“I got a spicy voicemail and even a couple of weeks after he was complaining that he couldn’t get rid of the smell” – on revenge against Fabian Delph”
Shay Given, speaking exclusively to 888Sport (with questions posed by MOMS), discusses his memories of playing for Villa, Paul Lambert’s tribulations, the arrival of Roy Keane, the 2015 FA Cup final and getting revenge on Fabian Delph…
MOMS: You didn’t come to Villa at the best of times in the club’s history. From a supporter’s point of view, we didn’t have much faith in how the club was being run. What were your impressions from the inside as a player? Anything surprise or shock you?
Shay Given: It’s a shame and you’re right to say that I didn’t sign at the right time because they were cutting back on the wage-bill and looking to get rid of their best players. I’ve played at Villa as an opposition player and it was always a tough place but when I was there as a player there were relegation fights and the club was up for sale.
When Villa Park is a full house it’s rocking and creates a good atmosphere but when I was playing there wasn’t enough of them with probably the quarter-final against West Brom as the best atmosphere.
You spoken before about being mentally at a low point during this time, as you were back to being on the sidelines like you were at Man City. Did you feel trapped? Obviously, you were on a decent wage and had a long-term contract, but was you ever close to getting out before you eventually left for Stoke?
I was taking my coaching badges at the time, so I had some sympathy for him [Lambert]. He was told that he had to cut the wage-bill but of course the other side of the coin was that I was still a player and I wanted to play.
I didn’t understand the strategy because there were players like Darren Bent, Stephen Ireland, Stephen Warnock and Barry Bannon, and the last thing you want to do is put these players in the reserves, even if you wanted to sell them. They’re out of the shop window then – if you want to sell a car, you put it in Auto Trader. Get the best out of them and then clubs will want to take them off your hands.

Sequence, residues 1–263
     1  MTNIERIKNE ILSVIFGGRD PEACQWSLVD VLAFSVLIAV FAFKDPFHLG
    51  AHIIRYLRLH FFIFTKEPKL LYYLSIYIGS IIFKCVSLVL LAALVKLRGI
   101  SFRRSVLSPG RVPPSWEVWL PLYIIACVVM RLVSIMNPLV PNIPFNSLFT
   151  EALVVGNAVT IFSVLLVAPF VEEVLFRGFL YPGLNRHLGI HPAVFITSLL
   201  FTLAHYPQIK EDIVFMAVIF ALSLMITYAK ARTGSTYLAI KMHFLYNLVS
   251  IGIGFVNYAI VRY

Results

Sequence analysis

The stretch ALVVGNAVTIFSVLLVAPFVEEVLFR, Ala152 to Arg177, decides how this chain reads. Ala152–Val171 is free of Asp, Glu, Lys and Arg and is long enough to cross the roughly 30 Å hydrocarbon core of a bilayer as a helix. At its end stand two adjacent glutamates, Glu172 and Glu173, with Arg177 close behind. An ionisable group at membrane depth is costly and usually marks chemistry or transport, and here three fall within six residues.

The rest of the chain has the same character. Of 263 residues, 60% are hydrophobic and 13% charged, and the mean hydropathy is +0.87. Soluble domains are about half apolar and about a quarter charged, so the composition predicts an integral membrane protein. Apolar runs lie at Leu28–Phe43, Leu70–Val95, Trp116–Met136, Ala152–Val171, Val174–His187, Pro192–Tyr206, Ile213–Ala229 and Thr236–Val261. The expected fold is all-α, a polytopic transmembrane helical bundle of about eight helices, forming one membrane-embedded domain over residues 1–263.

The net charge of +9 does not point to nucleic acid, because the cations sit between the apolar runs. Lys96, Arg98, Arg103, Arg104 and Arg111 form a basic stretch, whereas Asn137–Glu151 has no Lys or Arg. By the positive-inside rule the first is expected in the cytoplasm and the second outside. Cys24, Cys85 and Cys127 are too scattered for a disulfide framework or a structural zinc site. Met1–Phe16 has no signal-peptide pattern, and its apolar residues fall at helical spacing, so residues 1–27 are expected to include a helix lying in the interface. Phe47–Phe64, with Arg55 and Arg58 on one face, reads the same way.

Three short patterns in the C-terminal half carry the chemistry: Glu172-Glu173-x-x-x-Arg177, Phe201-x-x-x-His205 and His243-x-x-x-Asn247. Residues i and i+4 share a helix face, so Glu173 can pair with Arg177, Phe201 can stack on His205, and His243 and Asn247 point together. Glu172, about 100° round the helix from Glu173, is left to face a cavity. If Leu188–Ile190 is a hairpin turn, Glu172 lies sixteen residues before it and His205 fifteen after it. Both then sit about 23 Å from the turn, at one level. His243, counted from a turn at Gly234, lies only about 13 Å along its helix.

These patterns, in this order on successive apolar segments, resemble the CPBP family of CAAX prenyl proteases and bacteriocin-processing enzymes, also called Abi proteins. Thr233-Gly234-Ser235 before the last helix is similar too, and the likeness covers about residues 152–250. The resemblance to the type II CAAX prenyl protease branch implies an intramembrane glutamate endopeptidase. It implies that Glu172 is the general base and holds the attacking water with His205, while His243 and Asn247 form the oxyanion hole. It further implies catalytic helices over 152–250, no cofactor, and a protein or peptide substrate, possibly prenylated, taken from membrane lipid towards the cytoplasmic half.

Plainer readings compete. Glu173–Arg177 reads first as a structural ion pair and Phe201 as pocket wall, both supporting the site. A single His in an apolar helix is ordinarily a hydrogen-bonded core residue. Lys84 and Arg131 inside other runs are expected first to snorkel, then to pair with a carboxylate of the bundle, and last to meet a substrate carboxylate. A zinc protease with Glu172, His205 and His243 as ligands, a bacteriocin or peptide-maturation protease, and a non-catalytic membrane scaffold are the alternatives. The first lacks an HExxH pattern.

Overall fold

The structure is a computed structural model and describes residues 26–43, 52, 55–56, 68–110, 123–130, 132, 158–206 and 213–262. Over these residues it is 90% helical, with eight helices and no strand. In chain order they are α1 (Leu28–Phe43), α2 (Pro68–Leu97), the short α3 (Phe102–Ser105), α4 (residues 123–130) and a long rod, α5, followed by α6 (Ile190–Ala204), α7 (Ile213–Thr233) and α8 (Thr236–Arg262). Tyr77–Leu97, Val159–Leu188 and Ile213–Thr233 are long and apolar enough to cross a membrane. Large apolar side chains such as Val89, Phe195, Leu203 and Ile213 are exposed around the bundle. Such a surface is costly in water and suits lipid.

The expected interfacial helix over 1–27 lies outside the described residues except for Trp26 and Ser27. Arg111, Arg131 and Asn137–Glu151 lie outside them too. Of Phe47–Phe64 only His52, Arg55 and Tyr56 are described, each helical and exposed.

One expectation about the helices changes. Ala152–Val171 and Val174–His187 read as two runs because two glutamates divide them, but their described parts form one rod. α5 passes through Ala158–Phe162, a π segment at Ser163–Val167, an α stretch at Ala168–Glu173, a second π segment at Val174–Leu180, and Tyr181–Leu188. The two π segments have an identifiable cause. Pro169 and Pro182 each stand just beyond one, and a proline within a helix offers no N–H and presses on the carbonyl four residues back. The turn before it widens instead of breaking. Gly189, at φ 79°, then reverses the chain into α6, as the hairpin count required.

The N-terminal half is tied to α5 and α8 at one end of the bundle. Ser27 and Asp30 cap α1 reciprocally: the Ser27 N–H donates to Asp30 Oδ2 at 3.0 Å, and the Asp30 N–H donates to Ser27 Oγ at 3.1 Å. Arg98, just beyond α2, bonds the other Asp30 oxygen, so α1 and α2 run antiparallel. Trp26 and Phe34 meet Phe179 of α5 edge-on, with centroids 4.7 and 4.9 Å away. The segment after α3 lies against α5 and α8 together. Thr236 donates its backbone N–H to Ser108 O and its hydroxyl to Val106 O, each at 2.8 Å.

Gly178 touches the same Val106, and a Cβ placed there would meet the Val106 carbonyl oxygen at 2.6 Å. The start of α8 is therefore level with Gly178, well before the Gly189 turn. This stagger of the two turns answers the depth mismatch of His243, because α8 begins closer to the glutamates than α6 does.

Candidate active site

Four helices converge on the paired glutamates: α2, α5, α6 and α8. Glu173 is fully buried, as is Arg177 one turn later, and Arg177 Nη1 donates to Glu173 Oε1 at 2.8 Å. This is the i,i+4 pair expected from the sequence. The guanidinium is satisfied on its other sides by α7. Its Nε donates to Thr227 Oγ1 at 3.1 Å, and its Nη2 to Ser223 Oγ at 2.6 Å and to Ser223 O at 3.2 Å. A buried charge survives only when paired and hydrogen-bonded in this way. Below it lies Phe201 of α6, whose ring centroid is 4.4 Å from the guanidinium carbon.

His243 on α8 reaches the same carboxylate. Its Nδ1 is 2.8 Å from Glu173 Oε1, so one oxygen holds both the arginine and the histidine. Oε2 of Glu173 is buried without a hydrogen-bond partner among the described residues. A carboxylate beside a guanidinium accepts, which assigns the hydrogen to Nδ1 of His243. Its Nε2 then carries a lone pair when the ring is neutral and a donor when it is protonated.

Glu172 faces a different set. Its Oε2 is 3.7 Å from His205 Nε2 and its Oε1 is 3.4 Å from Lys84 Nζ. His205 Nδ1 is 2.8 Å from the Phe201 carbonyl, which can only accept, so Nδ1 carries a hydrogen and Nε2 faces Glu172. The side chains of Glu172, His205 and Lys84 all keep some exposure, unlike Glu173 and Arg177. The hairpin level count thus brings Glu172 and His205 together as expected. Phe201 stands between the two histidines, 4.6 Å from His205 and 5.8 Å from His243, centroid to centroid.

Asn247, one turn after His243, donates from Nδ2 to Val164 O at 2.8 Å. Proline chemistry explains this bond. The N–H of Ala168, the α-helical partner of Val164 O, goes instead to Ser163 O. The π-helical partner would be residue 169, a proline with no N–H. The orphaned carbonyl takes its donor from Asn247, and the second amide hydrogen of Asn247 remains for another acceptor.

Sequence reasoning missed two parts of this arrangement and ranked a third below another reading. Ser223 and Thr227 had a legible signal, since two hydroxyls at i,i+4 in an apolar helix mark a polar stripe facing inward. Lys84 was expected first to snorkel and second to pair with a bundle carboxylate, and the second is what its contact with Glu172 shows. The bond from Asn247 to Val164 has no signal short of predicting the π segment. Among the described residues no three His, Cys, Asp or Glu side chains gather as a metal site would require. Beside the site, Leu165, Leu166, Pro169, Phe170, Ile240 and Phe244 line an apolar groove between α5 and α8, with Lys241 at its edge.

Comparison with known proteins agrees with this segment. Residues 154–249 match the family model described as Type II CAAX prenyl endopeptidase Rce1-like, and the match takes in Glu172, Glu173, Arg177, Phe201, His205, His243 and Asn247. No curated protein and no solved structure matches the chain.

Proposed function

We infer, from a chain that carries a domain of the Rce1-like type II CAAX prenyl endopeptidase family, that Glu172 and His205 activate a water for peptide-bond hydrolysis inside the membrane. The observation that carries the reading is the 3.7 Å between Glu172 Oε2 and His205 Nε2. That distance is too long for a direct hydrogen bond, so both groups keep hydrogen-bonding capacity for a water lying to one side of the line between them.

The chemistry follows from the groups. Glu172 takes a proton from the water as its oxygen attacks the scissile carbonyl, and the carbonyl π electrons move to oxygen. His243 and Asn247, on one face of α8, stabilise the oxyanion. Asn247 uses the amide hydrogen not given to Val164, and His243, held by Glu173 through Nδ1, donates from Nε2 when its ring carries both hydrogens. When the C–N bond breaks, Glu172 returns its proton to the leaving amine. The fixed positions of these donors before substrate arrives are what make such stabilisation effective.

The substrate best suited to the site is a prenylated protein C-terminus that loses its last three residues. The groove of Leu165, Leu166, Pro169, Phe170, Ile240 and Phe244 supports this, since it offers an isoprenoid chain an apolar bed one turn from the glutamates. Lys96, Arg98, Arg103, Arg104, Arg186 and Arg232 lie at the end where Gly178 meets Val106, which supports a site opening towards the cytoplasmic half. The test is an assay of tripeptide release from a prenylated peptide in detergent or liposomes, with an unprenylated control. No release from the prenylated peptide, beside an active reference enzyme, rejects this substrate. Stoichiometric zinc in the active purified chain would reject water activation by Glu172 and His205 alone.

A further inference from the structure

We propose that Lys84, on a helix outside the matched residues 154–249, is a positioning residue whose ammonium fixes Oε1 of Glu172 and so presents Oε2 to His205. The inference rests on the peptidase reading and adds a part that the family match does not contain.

This was the opposite and basically, they wanted these players out of the door and off the wage-bill. They were put with the kids and because of that, they’re not up to full speed so maybe clubs don’t want to buy them then.
You’ve witnessed a few Roy Keane flares ups from being on international duty with Ireland to his time as assistant manager at Villa. What were your initial thoughts of finding out Roy was coming to Villa? And did you think it would work out, him playing second fiddle to Paul Lambert? As supporters, we were kind of hoping he would kick a few players’ arses!
I’ve worked for Roy and played with him and he’s got so much experience. Deep down I think he still wants to be a manager himself and he’s got the qualities to do that. He wants to prove to people that he can be a top manager.
I had no problem with him coming to Villa. With his profile, I thought it would be good for the football club and you don’t mind at all that it tells it like it is. Some of the people did need a rollicking and he brought that to the table as well.
You played a key part in the 2015 FA Cup run. Can you put your finger on what the difference was with the players between Villa’s FA Cup semi-final against Liverpool and the final against Arsenal?
That’s a good question because we played ever so well against Liverpool and for whatever reason when it came to Arsenal we just didn’t. I don’t know if the occasion got to a few of the players and the nerves, because the whole world is watching such a prestigious final. Maybe that got the better of certain players.
Nobody gave us a chance against Liverpool, we did great and deserved to get through. It’s such a shame that we couldn’t replicate that in the final and at least give ourselves a chance.
Embed from Getty Images
If you had to pick an XI of the players you’ve played with during your career, and had to pick one of your Villa teammates, who would it be and why?
It’s a toss-up between Richard Dunne and Stiliyan Petrov and I’d probably go for both. Dunney was very under-rated as a defender by a lot of people, but you know how good he was when you play behind him. I always felt happier and more confident when he was in the team.
I was at Stiliyan’s charity night last week in Birmingham and what a great guy. What a great player he was for Villa and what a fight he’s been through with the leukaemia. I’m still good friends with him now and he’s still held in high esteem at Villa Park and at Glasgow Celtic as well.
Any funny memories from your time at Villa?
A couple of months before the end of a season for some reason Fabian Delph emptied my toilet bag all over the floor. Fish oil tablets, hair gel and deodorant was just scattered everywhere. It was an attack from nowhere, and I eventually got to the bottom of it with some investigating and found out it was Fabian. I logged it in my black book.
So, a couple of months later, he must have thought that the dust had settled, and we were playing away at Norwich on the Sunday and it was really hot weather. After training on the Saturday, I got a fish off the chef and stuck it underneath the seat of his brand-new Range Rover.
He came back on the Monday and you can imagine what the fish had done after 48 hours in that hot weather. I got a spicy voicemail and even a couple of weeks after he was complaining that he couldn’t get rid of the smell.
He started it, and as you always tell kids, if you play with fire, you’ll get burnt.